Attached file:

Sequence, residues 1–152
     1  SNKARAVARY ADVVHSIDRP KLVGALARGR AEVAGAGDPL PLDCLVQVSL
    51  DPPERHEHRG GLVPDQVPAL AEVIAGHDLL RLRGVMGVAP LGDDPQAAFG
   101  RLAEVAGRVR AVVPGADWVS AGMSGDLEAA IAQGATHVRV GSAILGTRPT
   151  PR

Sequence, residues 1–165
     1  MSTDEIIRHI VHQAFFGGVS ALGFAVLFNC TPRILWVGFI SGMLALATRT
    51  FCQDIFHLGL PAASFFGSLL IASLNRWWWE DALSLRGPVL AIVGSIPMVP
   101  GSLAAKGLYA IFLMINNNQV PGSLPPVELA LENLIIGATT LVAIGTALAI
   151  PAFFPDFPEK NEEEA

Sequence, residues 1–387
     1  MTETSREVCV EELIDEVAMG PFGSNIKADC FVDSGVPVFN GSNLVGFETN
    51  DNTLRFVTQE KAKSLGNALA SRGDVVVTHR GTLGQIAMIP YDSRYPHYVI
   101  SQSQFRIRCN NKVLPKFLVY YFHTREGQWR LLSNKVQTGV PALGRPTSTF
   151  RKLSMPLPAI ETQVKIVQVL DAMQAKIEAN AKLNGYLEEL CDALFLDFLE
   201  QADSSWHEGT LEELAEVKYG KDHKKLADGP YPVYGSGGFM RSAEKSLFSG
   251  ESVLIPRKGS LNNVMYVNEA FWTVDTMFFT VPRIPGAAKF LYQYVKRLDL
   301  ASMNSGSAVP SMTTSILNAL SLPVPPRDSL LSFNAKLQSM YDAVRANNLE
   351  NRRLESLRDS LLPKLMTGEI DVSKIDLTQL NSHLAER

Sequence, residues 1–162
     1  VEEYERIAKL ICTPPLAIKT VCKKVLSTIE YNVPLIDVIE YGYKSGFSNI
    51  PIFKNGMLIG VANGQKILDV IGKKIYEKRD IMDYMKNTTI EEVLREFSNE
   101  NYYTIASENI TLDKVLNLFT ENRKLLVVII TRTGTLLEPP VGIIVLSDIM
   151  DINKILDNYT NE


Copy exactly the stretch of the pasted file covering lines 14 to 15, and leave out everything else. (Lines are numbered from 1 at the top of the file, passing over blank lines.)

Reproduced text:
   101  SQSQFRIRCN NKVLPKFLVY YFHTREGQWR LLSNKVQTGV PALGRPTSTF
   151  RKLSMPLPAI ETQVKIVQVL DAMQAKIEAN AKLNGYLEEL CDALFLDFLE